Chapter

Introduction

Stephen P. Rice

in Minding the Machine

Published by University of California Press

Published in print August 2004 | ISBN: 9780520227811
Published online March 2012 | e-ISBN: 9780520926578 | DOI: http://dx.doi.org/10.1525/california/9780520227811.003.0001
Introduction

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This introductory chapter explains the theme of this volume, which is about class formation in America during the early industrial period. This book tries to show that the cultural arena provided opportunities for antebellum Americans to make sense of and give order to the profound social changes that were underway. It considers class formation more in terms of how power is wielded than in terms of how power is resisted and attempts to account for the relative success of the middle class in consolidating its social and cultural authority by considering how classes formed discursively at the same time that they formed socially. It argues that antebellum Americans constructed a class society in a broad popular discourse on mechanization that flourished in the newspapers, periodicals, and pamphlets of the day.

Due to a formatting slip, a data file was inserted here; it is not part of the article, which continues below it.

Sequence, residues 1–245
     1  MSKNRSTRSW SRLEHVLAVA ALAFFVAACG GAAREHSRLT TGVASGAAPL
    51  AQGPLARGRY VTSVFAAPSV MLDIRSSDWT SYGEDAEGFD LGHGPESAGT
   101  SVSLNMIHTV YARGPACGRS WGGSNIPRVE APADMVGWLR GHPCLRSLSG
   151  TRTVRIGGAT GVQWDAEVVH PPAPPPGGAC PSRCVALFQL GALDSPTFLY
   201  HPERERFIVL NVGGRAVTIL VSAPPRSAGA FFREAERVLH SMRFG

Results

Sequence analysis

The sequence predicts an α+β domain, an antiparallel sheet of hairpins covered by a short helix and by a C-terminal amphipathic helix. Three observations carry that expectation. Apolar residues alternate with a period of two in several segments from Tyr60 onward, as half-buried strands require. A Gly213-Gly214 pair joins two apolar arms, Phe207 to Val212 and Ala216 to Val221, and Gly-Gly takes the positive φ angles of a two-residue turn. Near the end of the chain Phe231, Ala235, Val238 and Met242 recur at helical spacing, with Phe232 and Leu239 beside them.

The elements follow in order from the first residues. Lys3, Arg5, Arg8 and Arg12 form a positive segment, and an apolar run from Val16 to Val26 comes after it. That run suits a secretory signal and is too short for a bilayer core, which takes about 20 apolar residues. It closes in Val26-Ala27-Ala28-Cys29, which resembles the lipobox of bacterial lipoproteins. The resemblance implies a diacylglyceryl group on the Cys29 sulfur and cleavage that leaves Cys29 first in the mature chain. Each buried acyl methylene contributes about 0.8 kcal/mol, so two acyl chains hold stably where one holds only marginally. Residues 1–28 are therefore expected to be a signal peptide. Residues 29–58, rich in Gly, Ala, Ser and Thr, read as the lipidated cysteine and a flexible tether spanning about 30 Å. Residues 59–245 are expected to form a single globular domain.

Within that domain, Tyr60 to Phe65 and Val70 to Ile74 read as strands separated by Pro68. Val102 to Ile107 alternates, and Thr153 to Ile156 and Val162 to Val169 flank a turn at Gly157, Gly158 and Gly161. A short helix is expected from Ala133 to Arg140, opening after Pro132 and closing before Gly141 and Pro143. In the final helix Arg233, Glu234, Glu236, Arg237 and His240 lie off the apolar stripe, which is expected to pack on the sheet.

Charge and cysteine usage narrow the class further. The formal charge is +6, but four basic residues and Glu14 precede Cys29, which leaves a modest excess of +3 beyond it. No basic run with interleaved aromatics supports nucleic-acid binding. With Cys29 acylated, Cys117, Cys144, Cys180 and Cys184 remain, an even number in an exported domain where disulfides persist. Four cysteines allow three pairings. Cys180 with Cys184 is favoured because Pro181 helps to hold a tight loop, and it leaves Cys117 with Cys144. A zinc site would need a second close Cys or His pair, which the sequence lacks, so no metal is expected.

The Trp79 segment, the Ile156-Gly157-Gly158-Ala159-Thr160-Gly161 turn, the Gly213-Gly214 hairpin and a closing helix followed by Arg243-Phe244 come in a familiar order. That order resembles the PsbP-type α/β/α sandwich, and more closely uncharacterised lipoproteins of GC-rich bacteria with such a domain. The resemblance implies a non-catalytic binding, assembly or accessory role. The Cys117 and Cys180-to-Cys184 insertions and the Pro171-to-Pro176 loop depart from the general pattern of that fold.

Keywords: class formation; America; early industrial period; social changes; middle class; cultural authority; class society; mechanization

Chapter.  4946 words. 

Subjects: History of the Americas

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